Of course migrants' incomes are relevant: many progressives have also argued for immigration based on its positive net fiscal impact, and this will be higher for wealthier migrants. But the government's approach takes things much further. Essentially if you are very wealthy, you can come to Britain, you can bring your family, and you can stay as long as you like; if you're not wealthy, it will get increasingly hard to bring even close family, and after five years you will be asked to leave. Ministers insist they still want to attract the 'brightest and best', but to define that by current income is narrow and unimaginative. You can't spot the next generation of entrepreneurs or Nobel laureates by looking at how much they are currently paid. The history of migration is one of talented, motivated people who start from humble beginnings, and spend years working hard and making sacrifices for themselves and their family. It can take many years to pay off, but when it does, it can do so spectacularly, for them and for the society which has offered them a home. If we stop doing that, we ourselves will be the biggest losers.

As well as recommending changes to make the current proposals less damaging, today's IPPR report also asks what a truly progressive approach would look like. Progressives need to respect democratic support for 'tougher' immigration policy. They also need to consider the trade-offs involved: temporary migration can represent a better balance between the rights of individual migrants and the interests of developing countries. But rather than turning economic migrants into guest workers, a progressive approach would go with the flow of migration patterns, which are becoming increasingly temporary anyway. This could involve, for example, incentives to return, funded through National Insurance Contributions, or more tailored forms of support for migrants to take up job opportunities in their home country - a policy which is being developed in Germany, which seems to have learned the lessons of its past. Such an approach would clearly be fairer than a guest worker policy, but also more workable - as well as better for our economy.

Matt Cavanagh is an Associate Director at IPPR. Follow him on Twitter @matt_cav_

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Brexit could destroy our NHS – and it would be the government's own fault

Without EU citizens, the health service will be short of 20,000 nurses in a decade.

Aneurin Bevan once said: "Illness is neither an indulgence for which people have to pay, nor an offence for which they should be penalised, but a misfortune, the cost of which should be shared by the community."

And so, in 1948, the National Health Service was established. But today, the service itself seems to be on life support and stumbling towards a final and fatal collapse.

It is no secret that for years the NHS has been neglected and underfunded by the government. But Brexit is doing the NHS no favours either.

In addition to the promise of £350m to our NHS every week, Brexit campaigners shamefully portrayed immigrants, in many ways, as as a burden. This is quite simply not the case, as statistics have shown how Britain has benefited quite significantly from mass EU migration. The NHS, again, profited from large swathes of European recruitment.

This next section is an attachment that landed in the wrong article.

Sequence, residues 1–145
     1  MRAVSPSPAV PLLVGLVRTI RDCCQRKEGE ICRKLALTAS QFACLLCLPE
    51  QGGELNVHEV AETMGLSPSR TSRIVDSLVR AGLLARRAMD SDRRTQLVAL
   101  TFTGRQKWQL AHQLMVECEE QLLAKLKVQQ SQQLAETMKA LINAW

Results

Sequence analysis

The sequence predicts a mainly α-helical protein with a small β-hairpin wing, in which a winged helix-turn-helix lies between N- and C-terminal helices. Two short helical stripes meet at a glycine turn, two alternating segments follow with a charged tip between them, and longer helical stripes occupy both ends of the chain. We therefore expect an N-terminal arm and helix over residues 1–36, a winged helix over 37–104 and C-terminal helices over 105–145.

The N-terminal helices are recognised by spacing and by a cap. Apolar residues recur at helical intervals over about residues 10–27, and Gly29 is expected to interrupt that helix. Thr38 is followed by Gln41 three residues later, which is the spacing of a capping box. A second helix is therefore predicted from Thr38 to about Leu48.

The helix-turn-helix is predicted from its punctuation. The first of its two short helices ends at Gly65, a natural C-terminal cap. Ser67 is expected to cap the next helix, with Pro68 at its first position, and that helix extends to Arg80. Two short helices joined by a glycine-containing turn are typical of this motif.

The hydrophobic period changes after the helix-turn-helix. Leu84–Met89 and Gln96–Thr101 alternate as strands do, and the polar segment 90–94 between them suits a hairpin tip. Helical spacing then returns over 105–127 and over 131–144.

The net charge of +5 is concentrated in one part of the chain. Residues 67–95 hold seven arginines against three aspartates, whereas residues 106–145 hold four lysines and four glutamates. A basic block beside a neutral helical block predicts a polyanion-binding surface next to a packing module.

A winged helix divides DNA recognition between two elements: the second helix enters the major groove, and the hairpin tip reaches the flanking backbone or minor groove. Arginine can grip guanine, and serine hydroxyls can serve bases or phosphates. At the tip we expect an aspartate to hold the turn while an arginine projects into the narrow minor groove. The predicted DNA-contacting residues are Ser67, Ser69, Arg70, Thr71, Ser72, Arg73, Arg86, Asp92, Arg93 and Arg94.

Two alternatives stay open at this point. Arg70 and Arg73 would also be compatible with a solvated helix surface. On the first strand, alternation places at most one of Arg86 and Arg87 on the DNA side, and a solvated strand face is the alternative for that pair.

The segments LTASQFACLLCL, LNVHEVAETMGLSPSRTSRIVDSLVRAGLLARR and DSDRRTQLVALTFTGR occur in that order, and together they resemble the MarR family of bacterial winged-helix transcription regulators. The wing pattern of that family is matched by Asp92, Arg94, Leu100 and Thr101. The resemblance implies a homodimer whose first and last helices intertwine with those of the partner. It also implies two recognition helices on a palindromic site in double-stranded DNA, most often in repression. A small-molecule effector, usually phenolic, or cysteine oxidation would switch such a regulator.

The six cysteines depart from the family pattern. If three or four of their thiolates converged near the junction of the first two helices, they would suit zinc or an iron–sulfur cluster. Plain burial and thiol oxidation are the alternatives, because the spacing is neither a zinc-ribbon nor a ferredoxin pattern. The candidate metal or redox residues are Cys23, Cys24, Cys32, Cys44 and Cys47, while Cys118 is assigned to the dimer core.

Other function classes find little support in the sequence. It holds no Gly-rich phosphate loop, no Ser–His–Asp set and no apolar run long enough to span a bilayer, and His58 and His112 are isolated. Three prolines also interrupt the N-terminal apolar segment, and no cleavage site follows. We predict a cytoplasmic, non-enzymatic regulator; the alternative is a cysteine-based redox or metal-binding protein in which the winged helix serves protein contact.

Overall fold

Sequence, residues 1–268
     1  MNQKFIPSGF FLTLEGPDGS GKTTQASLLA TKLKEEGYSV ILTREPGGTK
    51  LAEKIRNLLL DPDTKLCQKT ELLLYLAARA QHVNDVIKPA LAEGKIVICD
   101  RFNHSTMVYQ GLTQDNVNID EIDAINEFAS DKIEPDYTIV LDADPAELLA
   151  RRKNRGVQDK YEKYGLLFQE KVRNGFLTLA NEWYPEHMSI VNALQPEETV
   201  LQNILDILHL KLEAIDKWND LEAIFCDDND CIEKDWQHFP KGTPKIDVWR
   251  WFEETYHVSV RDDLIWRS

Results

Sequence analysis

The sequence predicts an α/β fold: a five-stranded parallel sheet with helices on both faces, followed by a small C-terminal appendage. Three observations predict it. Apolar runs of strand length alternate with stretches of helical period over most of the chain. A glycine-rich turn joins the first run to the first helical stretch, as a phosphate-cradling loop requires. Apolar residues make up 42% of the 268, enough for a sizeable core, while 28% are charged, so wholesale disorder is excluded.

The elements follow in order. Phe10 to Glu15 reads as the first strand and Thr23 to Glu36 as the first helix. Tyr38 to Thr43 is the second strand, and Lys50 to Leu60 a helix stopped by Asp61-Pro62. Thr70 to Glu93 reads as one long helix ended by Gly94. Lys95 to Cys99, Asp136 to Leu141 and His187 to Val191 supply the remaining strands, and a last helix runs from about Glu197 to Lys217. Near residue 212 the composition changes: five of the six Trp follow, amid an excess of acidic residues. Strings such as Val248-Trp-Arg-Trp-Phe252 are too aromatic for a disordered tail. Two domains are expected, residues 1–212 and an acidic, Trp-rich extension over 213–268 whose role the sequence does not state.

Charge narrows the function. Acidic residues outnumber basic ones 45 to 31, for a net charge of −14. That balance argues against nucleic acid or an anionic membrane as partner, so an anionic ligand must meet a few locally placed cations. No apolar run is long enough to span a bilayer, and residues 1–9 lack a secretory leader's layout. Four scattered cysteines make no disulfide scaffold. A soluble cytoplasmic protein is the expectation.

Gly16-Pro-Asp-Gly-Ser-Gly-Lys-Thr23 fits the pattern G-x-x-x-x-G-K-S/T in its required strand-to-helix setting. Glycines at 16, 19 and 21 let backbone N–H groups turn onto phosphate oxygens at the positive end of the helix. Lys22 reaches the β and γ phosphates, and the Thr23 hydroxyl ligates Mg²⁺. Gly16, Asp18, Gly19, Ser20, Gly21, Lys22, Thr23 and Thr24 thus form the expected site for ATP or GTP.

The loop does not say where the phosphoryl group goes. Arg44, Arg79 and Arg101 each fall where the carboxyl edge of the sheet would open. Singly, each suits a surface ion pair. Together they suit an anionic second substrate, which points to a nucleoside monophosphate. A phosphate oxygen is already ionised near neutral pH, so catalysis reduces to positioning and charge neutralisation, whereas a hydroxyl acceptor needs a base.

We are already suffering an overwhelming downturn in staffing applications from EU/EAA countries due to the uncertainty that Brexit is already causing. If the migration of nurses from EEA countries stopped completely, the Department of Health predicts the UK would have a shortage of 20,000 nurses by 2025/26. Some hospitals have significantly larger numbers of EU workers than others, such as Royal Brompton in London, where one in five workers is from the EU/EAA. How will this be accounted for? 

Britain’s solid pharmaceutical industry – which plays an integral part in the NHS and our everyday lives – is also at risk from Brexit.

London is the current home of the highly prized EU regulatory body, the European Medicine Agency, which was won by John Major in 1994 after the ratification of the Maastricht Treaty.

The EMA is tasked with ensuring that all medicines available on the EU market are safe, effective and of high quality. The UK’s relationship with the EMA is unquestionably vital to the functioning of the NHS.

As well as delivering 900 highly skilled jobs of its own, the EMA is associated with 1,299 QPPV’s (qualified person for pharmacovigilance). Various subcontractors, research organisations and drug companies have settled in London to be close to the regulatory process.

The government may not be able to prevent the removal of the EMA, but it is entirely in its power to retain EU medical staff. 

Yet Theresa May has failed to reassure EU citizens, with her offer to them falling short of continuation of rights. Is it any wonder that 47 per cent of highly skilled workers from the EU are considering leaving the UK in the next five years?

During the election, May failed to declare how she plans to increase the number of future homegrown nurses or how she will protect our current brilliant crop of European nurses – amounting to around 30,000 roles.

A compromise in the form of an EFTA arrangement would lessen the damage Brexit is going to cause to every single facet of our NHS. Yet the government's rhetoric going into the election was "no deal is better than a bad deal". 

Whatever is negotiated with the EU over the coming years, the NHS faces an uncertain and perilous future. The government needs to act now, before the larger inevitable disruptions of Brexit kick in, if it is to restore stability and efficiency to the health service.